5. Think of other ways to get to work

If you travel to work each day, you could carpool with colleagues that live close by. This short-term solution can reduce how often you use your car (and pay for fuel!), which can help during an emergency. You can also consider taking public transport to make your commute a bit cheaper.

If your workplace allows it, ask if you can work from home full time or adopt a hybrid working model with some days in the office and others at home. By travelling less, you can save money you otherwise would’ve spent on petrol or public transport.

6. Use hard-earned loyalty points and cashback programs

Shopping online for everyday essentials? Then use a cashback program for a cheeky discount or two, plus get some cash back to save for expensive times of the year like Christmas. If you’ve got some loyalty points in the bank, see if you can use them to reduce the total cost of your shop. Every dollar you can save will make a big difference.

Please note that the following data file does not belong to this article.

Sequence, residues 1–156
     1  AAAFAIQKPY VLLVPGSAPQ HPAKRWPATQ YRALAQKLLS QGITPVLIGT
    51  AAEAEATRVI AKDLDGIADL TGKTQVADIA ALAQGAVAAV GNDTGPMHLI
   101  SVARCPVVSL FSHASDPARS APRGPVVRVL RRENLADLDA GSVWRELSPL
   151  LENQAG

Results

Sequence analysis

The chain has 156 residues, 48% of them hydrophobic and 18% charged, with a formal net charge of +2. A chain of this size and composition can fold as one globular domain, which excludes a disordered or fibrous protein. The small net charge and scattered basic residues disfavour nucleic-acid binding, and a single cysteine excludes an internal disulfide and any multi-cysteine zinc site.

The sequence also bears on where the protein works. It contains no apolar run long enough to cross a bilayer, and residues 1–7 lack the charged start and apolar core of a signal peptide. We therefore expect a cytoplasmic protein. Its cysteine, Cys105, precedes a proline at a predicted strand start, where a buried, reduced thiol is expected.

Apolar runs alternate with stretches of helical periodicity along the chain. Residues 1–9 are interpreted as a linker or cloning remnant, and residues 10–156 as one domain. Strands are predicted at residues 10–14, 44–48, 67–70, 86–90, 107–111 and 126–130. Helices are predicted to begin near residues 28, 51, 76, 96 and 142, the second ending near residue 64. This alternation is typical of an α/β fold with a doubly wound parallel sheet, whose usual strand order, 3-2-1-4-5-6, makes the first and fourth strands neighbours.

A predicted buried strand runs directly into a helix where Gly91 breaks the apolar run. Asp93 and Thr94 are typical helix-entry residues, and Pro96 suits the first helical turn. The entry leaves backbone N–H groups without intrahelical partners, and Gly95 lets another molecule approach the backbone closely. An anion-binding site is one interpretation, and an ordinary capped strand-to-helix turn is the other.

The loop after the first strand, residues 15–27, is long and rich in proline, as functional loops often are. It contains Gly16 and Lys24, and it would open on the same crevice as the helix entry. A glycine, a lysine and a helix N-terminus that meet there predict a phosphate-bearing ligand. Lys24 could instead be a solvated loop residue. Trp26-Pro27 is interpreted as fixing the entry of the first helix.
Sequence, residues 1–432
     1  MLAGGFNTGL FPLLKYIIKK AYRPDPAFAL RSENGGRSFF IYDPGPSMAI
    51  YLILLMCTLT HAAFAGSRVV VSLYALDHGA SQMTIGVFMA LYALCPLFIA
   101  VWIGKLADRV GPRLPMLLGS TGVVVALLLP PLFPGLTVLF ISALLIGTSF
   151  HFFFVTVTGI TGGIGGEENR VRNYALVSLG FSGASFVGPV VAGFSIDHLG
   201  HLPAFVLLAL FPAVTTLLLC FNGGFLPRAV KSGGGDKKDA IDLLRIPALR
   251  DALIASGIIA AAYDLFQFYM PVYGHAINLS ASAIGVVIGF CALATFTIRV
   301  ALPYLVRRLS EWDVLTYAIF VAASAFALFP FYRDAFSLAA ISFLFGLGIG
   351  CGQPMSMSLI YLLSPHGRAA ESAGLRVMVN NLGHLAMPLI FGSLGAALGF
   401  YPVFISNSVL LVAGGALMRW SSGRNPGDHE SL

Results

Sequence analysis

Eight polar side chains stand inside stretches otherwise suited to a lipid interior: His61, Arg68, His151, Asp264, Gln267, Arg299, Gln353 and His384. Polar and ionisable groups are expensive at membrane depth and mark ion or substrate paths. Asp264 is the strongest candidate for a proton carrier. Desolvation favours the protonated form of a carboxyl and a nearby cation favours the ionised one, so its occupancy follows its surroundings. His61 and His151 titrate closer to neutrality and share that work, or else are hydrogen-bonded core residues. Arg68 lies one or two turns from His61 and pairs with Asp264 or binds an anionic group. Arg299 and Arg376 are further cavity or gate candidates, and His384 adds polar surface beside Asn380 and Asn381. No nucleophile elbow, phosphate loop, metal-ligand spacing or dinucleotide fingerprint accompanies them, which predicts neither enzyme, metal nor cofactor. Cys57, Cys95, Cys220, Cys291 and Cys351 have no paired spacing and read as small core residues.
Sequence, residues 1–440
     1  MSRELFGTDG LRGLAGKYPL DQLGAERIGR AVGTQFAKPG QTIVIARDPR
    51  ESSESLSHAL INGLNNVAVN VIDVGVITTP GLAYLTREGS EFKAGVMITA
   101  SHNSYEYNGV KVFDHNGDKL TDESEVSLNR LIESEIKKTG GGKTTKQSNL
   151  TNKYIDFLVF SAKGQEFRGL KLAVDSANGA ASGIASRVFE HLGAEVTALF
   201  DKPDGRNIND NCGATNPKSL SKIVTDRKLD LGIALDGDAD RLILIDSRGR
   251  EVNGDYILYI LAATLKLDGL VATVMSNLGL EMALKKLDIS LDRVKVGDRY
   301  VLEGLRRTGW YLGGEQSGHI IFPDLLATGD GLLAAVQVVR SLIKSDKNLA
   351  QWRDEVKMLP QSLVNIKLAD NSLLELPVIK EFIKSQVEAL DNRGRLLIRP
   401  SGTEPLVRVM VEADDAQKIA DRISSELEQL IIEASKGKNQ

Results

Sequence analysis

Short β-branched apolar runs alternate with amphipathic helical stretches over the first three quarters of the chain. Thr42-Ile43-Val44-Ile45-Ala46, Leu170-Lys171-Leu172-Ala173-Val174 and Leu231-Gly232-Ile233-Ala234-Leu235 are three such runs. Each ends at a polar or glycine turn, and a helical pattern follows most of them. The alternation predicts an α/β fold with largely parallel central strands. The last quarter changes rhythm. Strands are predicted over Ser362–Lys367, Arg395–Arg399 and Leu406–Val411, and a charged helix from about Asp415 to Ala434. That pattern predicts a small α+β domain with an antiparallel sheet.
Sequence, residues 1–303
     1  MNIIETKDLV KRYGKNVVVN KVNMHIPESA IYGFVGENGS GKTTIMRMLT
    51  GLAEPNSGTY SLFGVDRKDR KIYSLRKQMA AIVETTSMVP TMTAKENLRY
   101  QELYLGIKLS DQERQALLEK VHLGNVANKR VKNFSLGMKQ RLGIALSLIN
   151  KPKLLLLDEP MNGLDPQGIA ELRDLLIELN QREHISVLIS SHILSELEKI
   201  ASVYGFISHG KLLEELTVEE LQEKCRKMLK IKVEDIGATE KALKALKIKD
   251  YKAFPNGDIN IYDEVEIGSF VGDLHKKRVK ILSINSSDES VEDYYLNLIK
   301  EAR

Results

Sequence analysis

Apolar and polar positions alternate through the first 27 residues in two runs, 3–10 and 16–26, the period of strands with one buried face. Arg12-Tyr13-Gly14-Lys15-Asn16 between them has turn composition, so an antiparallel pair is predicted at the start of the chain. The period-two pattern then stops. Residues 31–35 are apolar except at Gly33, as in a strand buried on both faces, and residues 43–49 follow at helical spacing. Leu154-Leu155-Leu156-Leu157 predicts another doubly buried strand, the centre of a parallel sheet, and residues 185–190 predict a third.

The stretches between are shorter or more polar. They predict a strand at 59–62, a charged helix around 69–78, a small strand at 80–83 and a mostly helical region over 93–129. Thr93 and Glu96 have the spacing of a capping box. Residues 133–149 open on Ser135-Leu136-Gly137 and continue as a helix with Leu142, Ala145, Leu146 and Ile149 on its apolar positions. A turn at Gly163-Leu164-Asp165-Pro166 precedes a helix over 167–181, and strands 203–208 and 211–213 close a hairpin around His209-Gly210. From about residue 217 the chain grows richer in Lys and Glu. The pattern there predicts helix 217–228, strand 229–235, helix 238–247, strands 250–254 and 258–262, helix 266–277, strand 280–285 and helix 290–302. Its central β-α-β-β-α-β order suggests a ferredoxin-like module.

What support is available during a financial emergency?

There are different support services you can contact when financial emergencies happen.

  • Charities and community organisations: These organisations offer people in need vouchers for daily essentials. Some of these organisations can also help pay part of your bills or even back-to-school costs.
  • Centrelink: They can provide a payment if you’re eligible, and can assist you if you’ve experienced a crisis and are in severe financial hardship. You might also be eligible for an advance payment. This is where your future Centrelink payments are made early.